Hingson and Frank went down into the nearby Fulton Street subway station with others to take cover. After leaving the subway station, they continued walking when the second tower fell.

“We moved to the side because the dust cloud was pretty concentrated. We stood up and turned around and Frank said, ‘Oh my god, Mike, there’s no World Trade Center anymore.’”

At around 10:32 a.m., Hingson was able to call his wife, which is how he learned that terrorists had crashed planes into both towers, the Pentagon, and had hijacked another plane that was still somewhere over Pennsylvania. They would later discover that Flight 93 crashed in a rural part of Pennsylvania, killing everyone on board.

The city had shut down almost all public transportation around the times of the attacks as a precaution, and Hingson said it wasn’t until the late afternoon when he could finally take the New Jersey Transit out of Manhattan and back home.

“All I knew was at least I’m home with my wife, so that was a relief,” he said.

Moving forward, 20 years later

As the U.S. crosses the 20th anniversary of the horrific attacks, Hingson reflects on what he’s learned from his traumatic experience — wisdom he’s imparted to others. He retold his escape story in a book called “Thunder Dog,” which is about his journey and connection with Roselle, who died in 2011. Hingson also works as a lecturer worldwide and as the chief vision officer for an accessibility company called AccesiBe.

Hingson said that he realized only recently how essential it was that he was able to manage his fear on 9/11. Now, he’s teaching people how to cope with their fears in dire situations.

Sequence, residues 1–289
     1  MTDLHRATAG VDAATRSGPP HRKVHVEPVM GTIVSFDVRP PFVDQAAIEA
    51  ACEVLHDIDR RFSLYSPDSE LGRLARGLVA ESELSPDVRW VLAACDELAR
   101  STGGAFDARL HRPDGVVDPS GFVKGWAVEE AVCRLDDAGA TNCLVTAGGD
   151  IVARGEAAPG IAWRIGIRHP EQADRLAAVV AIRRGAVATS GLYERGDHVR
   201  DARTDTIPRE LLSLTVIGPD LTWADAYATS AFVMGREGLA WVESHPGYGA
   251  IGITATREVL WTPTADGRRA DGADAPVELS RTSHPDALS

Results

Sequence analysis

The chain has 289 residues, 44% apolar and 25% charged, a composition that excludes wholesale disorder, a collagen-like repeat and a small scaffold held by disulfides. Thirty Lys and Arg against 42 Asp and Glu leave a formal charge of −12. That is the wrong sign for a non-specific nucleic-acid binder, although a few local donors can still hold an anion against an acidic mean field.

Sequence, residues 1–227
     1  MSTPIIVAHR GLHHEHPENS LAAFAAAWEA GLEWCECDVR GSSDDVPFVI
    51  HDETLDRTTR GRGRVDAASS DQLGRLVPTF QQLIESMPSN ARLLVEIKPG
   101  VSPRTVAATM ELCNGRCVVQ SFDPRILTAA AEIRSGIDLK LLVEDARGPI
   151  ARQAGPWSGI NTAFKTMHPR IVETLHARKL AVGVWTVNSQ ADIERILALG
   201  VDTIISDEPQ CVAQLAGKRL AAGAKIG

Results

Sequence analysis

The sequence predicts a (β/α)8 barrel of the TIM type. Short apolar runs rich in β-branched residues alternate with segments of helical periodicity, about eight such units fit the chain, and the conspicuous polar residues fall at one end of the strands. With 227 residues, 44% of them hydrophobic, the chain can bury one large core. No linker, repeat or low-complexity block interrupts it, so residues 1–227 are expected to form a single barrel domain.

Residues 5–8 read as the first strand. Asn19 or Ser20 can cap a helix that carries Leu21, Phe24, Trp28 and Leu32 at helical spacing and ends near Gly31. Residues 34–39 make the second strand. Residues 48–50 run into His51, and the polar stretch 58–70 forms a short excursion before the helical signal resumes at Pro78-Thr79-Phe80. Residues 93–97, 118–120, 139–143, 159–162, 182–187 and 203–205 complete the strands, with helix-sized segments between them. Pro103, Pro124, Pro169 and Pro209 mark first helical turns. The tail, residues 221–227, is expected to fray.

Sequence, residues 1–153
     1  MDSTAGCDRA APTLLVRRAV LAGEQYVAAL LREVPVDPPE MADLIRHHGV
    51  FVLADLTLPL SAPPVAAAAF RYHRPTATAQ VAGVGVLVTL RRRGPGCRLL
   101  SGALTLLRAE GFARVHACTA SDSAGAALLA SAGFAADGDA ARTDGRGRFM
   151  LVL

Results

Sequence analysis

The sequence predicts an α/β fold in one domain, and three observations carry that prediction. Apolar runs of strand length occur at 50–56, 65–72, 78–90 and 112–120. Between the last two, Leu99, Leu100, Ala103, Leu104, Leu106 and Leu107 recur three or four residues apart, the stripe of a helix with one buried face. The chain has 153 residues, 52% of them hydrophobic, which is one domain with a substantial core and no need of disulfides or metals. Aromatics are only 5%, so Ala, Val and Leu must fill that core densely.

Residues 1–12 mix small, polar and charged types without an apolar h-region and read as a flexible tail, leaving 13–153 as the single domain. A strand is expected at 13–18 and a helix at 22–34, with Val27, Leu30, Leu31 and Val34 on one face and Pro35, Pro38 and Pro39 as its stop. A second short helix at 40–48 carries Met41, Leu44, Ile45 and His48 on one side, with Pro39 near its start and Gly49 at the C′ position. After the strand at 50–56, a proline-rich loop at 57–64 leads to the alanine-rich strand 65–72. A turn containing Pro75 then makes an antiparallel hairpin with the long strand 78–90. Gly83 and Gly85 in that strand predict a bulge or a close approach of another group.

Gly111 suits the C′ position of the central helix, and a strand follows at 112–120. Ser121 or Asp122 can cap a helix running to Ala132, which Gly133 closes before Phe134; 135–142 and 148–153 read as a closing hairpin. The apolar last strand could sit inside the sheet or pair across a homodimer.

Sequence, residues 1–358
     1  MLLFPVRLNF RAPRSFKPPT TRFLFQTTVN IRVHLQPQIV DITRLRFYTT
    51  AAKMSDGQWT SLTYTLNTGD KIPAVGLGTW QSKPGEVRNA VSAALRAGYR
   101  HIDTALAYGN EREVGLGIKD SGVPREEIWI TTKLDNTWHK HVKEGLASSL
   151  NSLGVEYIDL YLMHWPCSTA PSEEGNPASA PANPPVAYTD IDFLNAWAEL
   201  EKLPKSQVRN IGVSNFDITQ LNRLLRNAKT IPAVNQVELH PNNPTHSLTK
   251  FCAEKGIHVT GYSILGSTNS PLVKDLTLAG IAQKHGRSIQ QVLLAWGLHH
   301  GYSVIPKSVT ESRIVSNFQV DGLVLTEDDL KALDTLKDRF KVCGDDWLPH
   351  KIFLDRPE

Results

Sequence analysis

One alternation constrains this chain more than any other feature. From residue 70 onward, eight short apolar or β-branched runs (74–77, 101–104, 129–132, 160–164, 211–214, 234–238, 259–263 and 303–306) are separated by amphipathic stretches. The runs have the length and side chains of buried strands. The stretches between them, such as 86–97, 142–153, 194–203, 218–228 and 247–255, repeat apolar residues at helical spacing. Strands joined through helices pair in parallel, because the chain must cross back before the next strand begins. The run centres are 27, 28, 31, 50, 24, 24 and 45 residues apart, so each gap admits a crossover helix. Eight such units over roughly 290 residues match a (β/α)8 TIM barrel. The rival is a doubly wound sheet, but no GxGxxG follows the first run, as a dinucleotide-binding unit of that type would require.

“When there is an emergency, fear isn’t going to blind me,” Hingson said. “I know that that sounds like a pun.”
“Fear is a very important tool,” he continued. “But you can control it. And what happened to me on September 11 was that I learned how to control it.”

Hingson also highlighted that being blind his entire life did not cause him to feel afraid of going out in the world.

“The problem is that people think if you can’t see, you can’t do stuff. That eyesight’s the only game in town. And that’s where their limitations start,” he said. “So for me, all of that is just kind of part of my makeup and what drove me to be prepared on September 11, 2001.”

While narrowly escaping the World Trade Center and running as the buildings collapsed, Hingson said he had a distinct realization that kept him going that day that has stuck with him.

“When Tower 2 collapsed… I heard a voice in my head as clearly as you hear me that said, ‘Don’t worry about what you can’t control. Focus on running with Roselle and the rest will take care of itself.’ And I had this sense of peace that we’d be ok if we worked together. And that’s a lesson I learned and it’s a lesson I try to pass on.”